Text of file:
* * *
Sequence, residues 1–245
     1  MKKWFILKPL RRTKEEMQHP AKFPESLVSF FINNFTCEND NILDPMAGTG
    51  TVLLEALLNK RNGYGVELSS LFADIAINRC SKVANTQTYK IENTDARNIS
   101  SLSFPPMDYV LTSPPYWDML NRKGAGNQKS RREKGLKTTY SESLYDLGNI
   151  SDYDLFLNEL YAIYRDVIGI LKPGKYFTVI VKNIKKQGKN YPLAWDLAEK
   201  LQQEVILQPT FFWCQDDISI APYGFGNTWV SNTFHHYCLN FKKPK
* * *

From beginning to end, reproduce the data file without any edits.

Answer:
Sequence, residues 1–245
     1  MKKWFILKPL RRTKEEMQHP AKFPESLVSF FINNFTCEND NILDPMAGTG
    51  TVLLEALLNK RNGYGVELSS LFADIAINRC SKVANTQTYK IENTDARNIS
   101  SLSFPPMDYV LTSPPYWDML NRKGAGNQKS RREKGLKTTY SESLYDLGNI
   151  SDYDLFLNEL YAIYRDVIGI LKPGKYFTVI VKNIKKQGKN YPLAWDLAEK
   201  LQQEVILQPT FFWCQDDISI APYGFGNTWV SNTFHHYCLN FKKPK